Power of contempt can't be taken away by legislative enactment: Supreme Court finds Suraz India Trust guilty

The Trust had sought a recall of the Court's 2017 judgment by which it had imposed costs of ₹25 lakh on it.
Power of contempt can't be taken away by legislative enactment: Supreme Court finds Suraz India Trust guilty
Justices SK Kaul and MM Sundresh

The Supreme Court today found blacklisted petitioner Suraz India Trust guilty of contempt, observing that the Court's power to punish for contempt under Article 129 cannot be taken away even by legislative enactment. (Suraz India Trust v. Union of India)

A Bench of Justices Sanjay Kishan Kaul and MM Sundresh frowned upon the contemnor's conduct of throwing mud at the Court, administrative staff, and the State government when he didn't get his way.

"We refuse to back off and will take it to a logical conclusion," it said.

In 2017, the NGO was also barred from “urging a cause in public interest” across any court in India. The Trust had filed 64 public interest litigation (PIL) pleas, all of which were dismissed. It was also accused of repeatedly making insinuations against the judiciary.

At the very outset of the judgment, the Bench observed that while statements made in an attempt to lower the dignity of the Court are often ignored, on certain occasions, the Court must step in.

The raison d’etre of contempt jurisdiction is to maintain the dignity of the institution of judicial forums. It is not a vindictive exercise nor are inappropriate statements by themselves capable of lowering the dignity of a Judge. These are often ignored but where despite all latitude a perennial litigant seeks to justify his existence by throwing mud at all and sundry, the Court has to step in.”

The apex court stressed that an attempt to scandalise the Court cannot be countenanced, and observed that the apologies submitted by the Trust's Chairman Rajiv Daiya were only endeavours to evade the consequences. The same was soon followed by another set of allegations, and was thus a charade.

"His actions to scandalise the Court cannot be countenanced. He continues with his contumacious behaviour."

Further, it was stated that the last apology would hardly qualify as an apology, and cannot be a defence. In this light, the Bench found no remorse on the part of the petitioner trust. Additionally, the Court noted,

"In fact, if Mr. Daiya had just merely expressed his inability to pay the amount as per his affidavit, the matter could have been left at that, with, of course, the natural consequences as contained in the order dated 01.05.2017 which disabled him from filing public interest litigations. After all, there cannot be a birthright to file public interest litigations and the level of assistance and the nature of causes as canvassed has already been adversely commented upon in the order dated 01.05.2017."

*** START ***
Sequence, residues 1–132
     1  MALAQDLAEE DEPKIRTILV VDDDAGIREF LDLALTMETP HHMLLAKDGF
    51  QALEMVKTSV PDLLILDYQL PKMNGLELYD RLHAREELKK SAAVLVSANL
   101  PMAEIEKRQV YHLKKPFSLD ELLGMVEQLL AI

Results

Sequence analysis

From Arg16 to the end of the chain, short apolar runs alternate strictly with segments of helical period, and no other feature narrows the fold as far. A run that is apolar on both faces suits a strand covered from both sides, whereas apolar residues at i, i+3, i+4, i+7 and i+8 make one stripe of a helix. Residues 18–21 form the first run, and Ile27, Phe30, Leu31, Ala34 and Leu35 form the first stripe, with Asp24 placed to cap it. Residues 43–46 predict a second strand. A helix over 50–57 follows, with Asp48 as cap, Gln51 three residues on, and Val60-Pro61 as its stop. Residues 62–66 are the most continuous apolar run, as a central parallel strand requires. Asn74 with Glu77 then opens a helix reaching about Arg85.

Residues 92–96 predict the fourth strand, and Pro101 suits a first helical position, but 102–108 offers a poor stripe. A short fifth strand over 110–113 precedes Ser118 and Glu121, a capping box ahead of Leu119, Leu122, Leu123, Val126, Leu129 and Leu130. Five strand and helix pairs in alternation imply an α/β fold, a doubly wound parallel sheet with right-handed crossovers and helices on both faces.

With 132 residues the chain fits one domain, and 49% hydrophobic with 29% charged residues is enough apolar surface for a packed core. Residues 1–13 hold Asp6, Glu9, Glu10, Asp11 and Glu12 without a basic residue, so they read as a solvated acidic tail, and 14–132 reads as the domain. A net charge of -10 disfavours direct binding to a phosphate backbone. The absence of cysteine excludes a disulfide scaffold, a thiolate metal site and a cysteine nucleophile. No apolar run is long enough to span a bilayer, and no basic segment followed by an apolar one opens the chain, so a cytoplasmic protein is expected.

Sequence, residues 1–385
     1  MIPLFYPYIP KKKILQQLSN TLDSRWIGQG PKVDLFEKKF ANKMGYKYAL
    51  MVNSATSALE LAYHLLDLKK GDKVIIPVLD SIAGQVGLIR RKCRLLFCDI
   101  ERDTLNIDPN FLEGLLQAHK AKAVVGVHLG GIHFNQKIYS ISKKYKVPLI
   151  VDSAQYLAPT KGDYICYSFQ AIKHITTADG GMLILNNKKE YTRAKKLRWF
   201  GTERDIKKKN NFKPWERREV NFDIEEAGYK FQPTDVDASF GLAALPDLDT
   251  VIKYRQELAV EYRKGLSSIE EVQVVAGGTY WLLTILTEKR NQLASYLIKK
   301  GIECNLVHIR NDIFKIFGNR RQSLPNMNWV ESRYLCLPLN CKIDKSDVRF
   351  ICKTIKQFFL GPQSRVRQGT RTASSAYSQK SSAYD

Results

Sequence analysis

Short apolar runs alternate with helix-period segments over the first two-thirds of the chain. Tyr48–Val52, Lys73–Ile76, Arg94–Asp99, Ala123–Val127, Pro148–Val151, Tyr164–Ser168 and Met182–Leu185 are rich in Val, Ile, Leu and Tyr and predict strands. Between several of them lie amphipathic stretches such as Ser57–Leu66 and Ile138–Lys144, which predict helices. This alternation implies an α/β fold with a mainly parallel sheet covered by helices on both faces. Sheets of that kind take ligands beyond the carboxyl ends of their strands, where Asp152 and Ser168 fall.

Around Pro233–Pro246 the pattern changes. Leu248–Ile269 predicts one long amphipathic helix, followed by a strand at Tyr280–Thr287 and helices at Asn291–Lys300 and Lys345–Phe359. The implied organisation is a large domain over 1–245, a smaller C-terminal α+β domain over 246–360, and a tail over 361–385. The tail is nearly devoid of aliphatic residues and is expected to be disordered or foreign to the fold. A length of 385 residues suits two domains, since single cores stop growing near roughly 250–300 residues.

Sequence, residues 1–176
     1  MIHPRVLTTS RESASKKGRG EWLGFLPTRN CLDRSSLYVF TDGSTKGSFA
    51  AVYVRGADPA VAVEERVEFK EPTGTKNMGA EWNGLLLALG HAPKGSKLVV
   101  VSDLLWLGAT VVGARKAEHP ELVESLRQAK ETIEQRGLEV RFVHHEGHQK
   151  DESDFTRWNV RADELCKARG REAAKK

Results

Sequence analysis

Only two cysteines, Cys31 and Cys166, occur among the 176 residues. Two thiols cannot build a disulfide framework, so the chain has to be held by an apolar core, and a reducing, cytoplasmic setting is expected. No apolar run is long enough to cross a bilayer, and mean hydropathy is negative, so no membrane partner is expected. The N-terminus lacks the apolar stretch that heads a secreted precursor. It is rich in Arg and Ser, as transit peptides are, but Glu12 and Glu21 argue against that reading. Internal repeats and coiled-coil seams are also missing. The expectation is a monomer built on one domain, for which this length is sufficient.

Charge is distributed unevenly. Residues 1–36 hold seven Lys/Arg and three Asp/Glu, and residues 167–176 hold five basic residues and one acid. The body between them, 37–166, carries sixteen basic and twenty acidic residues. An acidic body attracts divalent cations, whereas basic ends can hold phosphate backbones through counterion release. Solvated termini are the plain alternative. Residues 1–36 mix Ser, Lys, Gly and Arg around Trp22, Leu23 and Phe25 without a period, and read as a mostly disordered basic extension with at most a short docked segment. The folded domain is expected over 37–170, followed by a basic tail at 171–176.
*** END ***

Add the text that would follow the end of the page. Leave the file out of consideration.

The Bench also explained that the easier path in the matter would have been to recuse themselves, but this exercise was necessary to be taken in the larger interest of the institution. It was reiterated that such litigants cannot be allowed to have their way.

Let us say at the inception that the easier path is to recuse or give up the matter instead of inviting so much trouble. But then that is not the course for which the Judges have taken oath. Sometimes the task is unenviable and difficult but it must be performed for the larger good of the institution.”

The only question that arose before the Court was whether the contemnor had a right to be heard. It was stated that the Bench was not mandated to give them an opportunity to be heard, but would still give a chance.

In light of this observation, the Court issued notice to the contemnor to appear for hearing on final sentence on October 7.

On the last date of hearing in the case, the Court gave Suraz India Trust three days to file an unconditional apology for filing frivolous litigation and making scandalous averments against the judiciary. It was hearing an application filed by the Trust seeking a recall of the Court's 2017 judgment by which it had imposed costs of ₹25 lakh on it.

Daiya subsequently made appeals to the Attorney General, and even the President and Prime Minister of India to waive the costs imposed by the apex court. At the same time, he had sought consent for filing contempt proceedings against then Chief Justice of India JS Khehar and Justice DY Chandrachud and Sanjay Kishan Kaul, who formed the Bench that imposed the costs in 2017.

He had also filed a complaint with the President of India against Justice Kaul for conducting an in-house inquiry related to the matter. He thus sought Kaul J's recusal from the case.

[Read Judgment]

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